"Yeah, we really had enough to eat. Our aunt saw to us having enough. Even sometimes I think about the times if she didn't have but a little meat she would give it to us and she would tell us that she didn't want no meat. As I got older, I realized she was doing it for [my brother and I]."
-Maggie Townsend

In Vietnam, Mal's family fished and hunted, but things were still difficult.

"In Vietnam we went hungry daily. Even though God said, 'you work, you eat.' And I did work, but I didn't eat. The reason is lack of land and garden for us to plant all the food we needed." -Mal, translated by Snow Rahlan

Unique Foods

What makes food unique or special? We have access to so many more foods today than we did even twenty years ago. A typical American prior to World War II would have been unfamiliar with foods we take for granted, like Chinese food, pizza, and tacos.

Jeanette Kercado's recipe for flan de batata

"With a large family, you would think that we [would know] about spaghetti, but I really didn't until my church in Pennsylvania. They would have spaghetti dinners on Saturday and that's when I found out about spaghetti."
-Bedelia Hargrove, reminiscing about her first experience with spaghetti as an adult.

Immigrants, though, brought their special dishes with them. Jeanette Kercadó remembers her mother's flan and a dish called pasteles.

"It's made out of plantain and bananas, green bananas. And you put in one potato. You grate them all, make the batter out of it, and it's really good because you have this special kind of paper. It looks like wax paper. You flatten it down and then you put this pork meat that you cut and cook separate. Then you put that in there, and olives and stuff, and then you fold it over and wrap it up with a special kind of string. Then you cook it for an hour and that's it."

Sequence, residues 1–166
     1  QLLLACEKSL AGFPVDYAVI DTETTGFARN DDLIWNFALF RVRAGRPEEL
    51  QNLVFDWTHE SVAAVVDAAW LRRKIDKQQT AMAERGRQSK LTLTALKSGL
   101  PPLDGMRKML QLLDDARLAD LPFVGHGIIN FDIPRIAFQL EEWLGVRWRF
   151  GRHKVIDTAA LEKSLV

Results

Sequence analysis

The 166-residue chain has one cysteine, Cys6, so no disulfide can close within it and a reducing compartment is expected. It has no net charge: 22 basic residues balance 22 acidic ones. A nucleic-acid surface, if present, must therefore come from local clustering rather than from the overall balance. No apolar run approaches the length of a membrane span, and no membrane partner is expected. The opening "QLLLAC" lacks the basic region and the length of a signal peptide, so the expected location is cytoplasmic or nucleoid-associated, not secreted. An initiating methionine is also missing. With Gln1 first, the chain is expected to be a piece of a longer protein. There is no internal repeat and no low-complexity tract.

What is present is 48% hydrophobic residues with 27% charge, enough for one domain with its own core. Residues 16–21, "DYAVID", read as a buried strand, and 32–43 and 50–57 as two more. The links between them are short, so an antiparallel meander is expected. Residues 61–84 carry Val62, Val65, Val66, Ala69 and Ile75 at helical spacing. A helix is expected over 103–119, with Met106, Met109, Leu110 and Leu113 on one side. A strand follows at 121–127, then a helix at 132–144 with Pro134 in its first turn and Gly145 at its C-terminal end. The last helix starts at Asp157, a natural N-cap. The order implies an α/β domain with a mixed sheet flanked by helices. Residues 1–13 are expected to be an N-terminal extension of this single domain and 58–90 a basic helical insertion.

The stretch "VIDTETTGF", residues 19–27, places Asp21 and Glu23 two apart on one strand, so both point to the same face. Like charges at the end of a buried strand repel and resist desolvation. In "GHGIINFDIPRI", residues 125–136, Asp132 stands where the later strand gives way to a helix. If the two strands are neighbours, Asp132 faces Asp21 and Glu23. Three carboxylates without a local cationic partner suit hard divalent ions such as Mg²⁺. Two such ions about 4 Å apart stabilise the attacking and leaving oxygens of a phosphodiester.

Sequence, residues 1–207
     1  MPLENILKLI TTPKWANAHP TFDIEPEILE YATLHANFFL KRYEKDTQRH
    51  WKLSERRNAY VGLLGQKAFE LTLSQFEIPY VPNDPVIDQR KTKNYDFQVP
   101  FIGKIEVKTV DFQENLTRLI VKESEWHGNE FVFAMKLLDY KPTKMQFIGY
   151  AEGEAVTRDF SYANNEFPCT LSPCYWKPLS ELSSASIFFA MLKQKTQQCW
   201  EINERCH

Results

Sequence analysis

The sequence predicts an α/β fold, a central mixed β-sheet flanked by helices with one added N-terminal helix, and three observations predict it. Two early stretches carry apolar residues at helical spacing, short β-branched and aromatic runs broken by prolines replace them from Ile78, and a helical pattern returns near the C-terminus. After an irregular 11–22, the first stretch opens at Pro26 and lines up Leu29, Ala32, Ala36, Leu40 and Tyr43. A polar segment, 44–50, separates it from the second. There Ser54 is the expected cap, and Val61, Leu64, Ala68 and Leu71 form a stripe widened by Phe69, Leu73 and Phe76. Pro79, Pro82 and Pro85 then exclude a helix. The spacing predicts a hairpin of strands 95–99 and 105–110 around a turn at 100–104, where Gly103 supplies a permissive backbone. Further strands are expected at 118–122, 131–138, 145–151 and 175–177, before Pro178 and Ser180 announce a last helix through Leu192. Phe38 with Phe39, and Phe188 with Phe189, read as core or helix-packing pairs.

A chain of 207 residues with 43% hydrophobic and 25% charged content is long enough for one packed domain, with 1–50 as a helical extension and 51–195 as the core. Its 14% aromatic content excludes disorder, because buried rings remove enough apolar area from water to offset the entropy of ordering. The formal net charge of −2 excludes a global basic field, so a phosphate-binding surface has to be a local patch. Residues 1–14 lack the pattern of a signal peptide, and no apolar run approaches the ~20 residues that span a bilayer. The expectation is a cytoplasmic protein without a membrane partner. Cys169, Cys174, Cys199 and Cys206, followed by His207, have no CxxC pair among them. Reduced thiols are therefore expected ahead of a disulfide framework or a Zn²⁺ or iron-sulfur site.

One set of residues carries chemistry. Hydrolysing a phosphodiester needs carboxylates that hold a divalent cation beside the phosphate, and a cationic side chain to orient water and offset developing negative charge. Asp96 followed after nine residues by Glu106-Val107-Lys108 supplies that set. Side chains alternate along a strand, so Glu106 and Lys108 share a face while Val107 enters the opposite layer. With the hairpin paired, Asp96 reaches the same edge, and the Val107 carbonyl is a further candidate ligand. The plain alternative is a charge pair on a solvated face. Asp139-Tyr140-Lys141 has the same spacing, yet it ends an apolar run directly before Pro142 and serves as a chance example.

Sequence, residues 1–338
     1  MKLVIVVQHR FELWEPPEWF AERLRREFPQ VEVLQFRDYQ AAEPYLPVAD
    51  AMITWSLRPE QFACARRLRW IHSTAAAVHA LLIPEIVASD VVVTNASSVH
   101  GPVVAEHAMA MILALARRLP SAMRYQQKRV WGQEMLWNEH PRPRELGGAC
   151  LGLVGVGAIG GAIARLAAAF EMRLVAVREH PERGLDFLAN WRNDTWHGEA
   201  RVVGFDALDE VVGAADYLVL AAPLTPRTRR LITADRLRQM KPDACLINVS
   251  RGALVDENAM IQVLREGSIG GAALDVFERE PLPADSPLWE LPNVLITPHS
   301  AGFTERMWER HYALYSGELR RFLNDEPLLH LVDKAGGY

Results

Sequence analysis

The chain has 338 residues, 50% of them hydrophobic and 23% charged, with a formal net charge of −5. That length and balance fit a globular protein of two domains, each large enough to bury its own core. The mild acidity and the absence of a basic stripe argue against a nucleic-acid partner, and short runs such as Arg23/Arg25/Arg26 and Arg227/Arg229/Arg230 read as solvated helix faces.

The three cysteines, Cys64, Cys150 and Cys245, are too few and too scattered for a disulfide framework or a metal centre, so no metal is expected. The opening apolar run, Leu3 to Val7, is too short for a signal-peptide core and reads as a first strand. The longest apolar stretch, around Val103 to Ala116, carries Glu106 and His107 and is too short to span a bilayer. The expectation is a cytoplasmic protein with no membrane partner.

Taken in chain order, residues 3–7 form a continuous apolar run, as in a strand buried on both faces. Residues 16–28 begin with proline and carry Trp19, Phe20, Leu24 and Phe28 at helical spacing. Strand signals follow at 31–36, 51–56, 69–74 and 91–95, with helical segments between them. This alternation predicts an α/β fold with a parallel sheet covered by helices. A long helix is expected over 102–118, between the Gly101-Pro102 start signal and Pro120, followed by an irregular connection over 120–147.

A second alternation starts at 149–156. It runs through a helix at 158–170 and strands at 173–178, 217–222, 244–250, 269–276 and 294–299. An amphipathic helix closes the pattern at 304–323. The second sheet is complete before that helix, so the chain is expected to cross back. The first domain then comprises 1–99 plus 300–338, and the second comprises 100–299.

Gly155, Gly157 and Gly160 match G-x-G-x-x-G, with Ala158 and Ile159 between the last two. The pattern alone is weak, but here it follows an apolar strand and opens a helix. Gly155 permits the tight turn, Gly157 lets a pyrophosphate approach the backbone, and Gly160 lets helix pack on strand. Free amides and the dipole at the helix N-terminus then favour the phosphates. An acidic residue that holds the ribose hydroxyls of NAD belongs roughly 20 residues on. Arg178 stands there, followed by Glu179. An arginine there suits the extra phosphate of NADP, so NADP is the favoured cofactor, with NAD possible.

-Jeanette Kercadó

Gloria Powell's mother, Jean Dottin

Gloria Powell's mother, Jean Dotten
Courtesy Gloria Powell

Gloria Powell's Caribbean mother made a medicine of broth from chicken feet, which Gloria cleaned.

"I had to take that yellow part of the skin off of the chicken feet, then chop his nails off."

"The strangest thing I found is that American food involves sour and sweet at the same time and in Montagnard cuisine, we separate those. If we want something sour we eat it on the side. If we want something sweet we eat it on the side, but it wasn't part of the food."
-Mal, translated by Snow Rahlan

What is normal in one type of cuisine might be strange in another.

"They would boil [the cleaned chicken feet and water], boil it, boil it and then they would strain it and that was good for colds. And they would put other things inside of it, you know, because they was from the Islands."
-Gloria Powell